3 Things Every New Parent Should Do
Becoming a parent for the first time is often one of the most amazing events in a person's life. There are few things that can compare to welcoming a child into the family and feeling the unconditional love that a parent has for a child. But becoming a parent also comes with immense responsibility. In addition to the emotional and day-to-day financial aspects, it is also important for new parents to create a plan in the event that they die before their child reaches adulthood. If you are a new parent, or will become one soon, consider doing the following to ensure a bright future for your child:
Purchase Life Insurance
A life insurance policy is a valuable safety net, and it is a good idea for both parents to have a policy. The size of the life insurance policy that you should buy will depend on your unique financial circumstances, but a good rule of thumb is to buy a policy that covers how much your wages would add up to while your child is a minor. This will help ensure that a surviving parent or guardian has the funds to raise your child comfortably. Since most people become parents when they are relatively young and healthy, term life insurance may be the best choice since it is typically less expensive than whole life insurance.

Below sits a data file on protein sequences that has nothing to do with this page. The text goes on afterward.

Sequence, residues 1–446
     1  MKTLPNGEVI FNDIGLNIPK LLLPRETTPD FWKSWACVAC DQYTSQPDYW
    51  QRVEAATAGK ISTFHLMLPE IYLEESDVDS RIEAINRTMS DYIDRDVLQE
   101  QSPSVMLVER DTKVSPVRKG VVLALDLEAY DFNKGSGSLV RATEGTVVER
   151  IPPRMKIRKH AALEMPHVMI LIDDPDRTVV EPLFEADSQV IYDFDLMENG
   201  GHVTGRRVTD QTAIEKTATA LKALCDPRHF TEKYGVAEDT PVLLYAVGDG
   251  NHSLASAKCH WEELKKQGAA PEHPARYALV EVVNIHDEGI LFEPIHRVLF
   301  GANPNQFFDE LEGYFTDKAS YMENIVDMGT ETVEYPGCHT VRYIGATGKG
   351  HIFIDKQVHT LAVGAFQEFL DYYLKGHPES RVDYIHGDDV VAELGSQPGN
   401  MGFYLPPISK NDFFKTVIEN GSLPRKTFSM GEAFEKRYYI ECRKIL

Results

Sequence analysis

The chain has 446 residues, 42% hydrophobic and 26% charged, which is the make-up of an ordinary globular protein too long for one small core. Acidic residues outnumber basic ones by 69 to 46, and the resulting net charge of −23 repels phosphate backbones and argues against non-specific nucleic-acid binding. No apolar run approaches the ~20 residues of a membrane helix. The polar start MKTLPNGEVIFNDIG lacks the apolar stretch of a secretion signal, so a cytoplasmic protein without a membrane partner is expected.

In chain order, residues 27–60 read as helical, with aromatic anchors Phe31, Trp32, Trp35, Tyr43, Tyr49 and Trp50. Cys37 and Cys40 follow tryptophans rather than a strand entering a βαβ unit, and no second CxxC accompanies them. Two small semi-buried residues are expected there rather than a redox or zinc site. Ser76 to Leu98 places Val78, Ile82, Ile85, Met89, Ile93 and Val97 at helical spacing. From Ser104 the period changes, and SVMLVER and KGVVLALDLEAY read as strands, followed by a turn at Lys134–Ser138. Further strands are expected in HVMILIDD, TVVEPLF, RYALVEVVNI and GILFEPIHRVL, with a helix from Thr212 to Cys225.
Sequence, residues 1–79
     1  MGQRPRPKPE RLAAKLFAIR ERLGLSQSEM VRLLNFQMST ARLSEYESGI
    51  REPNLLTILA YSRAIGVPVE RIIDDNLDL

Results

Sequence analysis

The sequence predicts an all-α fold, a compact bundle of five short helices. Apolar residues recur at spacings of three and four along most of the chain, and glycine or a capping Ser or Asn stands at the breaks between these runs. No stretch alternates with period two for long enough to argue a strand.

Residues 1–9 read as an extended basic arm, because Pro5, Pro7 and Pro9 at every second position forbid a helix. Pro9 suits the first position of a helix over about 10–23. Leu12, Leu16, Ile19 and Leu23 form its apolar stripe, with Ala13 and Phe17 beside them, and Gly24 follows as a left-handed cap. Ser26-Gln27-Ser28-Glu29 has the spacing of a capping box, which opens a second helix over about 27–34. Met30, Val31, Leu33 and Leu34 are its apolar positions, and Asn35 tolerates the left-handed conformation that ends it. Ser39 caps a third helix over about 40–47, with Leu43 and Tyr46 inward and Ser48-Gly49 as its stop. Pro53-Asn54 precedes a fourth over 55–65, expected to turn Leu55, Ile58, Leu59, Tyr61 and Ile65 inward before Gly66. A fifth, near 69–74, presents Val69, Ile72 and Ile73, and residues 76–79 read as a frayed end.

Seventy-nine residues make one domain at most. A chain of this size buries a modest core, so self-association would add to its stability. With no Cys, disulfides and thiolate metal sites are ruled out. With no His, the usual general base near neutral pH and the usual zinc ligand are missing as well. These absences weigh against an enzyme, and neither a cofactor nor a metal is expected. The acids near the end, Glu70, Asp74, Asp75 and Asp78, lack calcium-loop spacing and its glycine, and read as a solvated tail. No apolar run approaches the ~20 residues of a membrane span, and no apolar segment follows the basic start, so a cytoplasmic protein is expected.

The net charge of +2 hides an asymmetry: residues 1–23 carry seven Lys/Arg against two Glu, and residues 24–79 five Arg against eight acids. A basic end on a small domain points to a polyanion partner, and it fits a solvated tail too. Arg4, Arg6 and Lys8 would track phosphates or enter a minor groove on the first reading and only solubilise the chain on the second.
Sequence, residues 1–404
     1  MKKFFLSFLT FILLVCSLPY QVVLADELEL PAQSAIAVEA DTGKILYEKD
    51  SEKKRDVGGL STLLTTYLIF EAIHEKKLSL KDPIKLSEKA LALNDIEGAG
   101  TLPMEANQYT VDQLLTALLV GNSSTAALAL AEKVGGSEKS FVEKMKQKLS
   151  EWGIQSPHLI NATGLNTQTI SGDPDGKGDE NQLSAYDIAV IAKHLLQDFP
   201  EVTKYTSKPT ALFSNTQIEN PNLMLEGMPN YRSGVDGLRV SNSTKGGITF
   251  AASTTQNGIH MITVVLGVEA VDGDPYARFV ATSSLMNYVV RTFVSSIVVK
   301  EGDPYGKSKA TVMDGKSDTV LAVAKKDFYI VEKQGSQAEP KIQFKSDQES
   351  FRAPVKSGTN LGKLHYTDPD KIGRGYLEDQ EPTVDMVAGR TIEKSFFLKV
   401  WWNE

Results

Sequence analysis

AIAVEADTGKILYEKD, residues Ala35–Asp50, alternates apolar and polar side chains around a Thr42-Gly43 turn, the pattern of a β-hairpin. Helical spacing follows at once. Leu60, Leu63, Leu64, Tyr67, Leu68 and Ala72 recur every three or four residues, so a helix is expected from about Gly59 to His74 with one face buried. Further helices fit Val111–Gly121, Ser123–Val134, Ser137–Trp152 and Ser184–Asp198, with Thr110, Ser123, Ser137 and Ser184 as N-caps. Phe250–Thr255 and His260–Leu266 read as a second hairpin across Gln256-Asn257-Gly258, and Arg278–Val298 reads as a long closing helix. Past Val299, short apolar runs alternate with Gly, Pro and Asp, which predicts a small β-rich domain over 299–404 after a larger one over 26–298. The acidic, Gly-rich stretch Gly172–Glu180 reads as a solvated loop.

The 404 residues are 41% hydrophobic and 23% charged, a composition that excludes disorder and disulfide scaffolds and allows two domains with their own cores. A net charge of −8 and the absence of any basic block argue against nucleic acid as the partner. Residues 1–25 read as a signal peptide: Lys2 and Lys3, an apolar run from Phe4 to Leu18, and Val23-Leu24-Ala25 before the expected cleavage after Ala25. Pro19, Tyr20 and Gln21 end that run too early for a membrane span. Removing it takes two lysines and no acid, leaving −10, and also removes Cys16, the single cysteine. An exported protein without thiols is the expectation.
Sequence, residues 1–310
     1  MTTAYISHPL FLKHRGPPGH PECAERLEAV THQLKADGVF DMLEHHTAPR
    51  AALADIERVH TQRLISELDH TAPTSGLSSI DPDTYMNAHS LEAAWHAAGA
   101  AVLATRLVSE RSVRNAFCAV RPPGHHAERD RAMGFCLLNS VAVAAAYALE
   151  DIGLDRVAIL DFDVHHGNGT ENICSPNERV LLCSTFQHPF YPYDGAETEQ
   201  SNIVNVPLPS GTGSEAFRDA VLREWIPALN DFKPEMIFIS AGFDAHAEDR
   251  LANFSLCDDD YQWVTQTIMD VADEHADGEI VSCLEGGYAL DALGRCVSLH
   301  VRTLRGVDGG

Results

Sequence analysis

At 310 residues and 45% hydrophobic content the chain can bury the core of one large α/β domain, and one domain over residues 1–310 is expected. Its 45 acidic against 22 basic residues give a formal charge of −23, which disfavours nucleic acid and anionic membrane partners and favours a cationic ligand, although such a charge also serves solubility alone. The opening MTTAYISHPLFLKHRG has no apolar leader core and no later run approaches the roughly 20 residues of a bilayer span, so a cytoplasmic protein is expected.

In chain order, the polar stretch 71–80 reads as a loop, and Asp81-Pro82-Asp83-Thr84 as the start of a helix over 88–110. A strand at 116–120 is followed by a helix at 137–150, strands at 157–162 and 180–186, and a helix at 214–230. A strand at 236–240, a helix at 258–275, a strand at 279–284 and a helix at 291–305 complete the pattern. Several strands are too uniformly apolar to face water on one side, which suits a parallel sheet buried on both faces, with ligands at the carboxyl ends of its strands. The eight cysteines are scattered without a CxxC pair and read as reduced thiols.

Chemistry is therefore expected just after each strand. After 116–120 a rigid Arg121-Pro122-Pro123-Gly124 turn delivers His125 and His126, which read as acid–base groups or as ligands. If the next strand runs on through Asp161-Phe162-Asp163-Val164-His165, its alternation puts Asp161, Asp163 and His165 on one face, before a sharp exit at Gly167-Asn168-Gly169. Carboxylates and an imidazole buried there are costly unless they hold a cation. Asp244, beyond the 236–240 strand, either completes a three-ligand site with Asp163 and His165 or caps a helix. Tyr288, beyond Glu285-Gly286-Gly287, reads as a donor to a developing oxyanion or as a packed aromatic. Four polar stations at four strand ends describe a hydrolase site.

Name A Guardian
When you welcome a beloved new child into the family, the last thing that you probably want to think about is him or her becoming an orphan. But life is unpredictable, and there is a small chance that your new child may lose you and his or her other parent before he or she becomes an adult. This is why it is important to legally appoint one or more guardians who are willing and able to take on the responsibility of caring for your child if you or his or her other parent are both deceased.
Contact An Estate Attorney
Estate planning is a very important thing for new parents to do. When a child is involved, you want to make sure that he or she will benefit from your assets should you pass away. In most cases, a person should either create a legally binding will or establish a trust. Your attorney can help you determine which one is the better option for your financial situation. When estate planning, make sure that your child's other parent or legally-appointed guardian's needs are considered in order to ensure that your child will be well cared for if you die before he or she reaches the age of 18.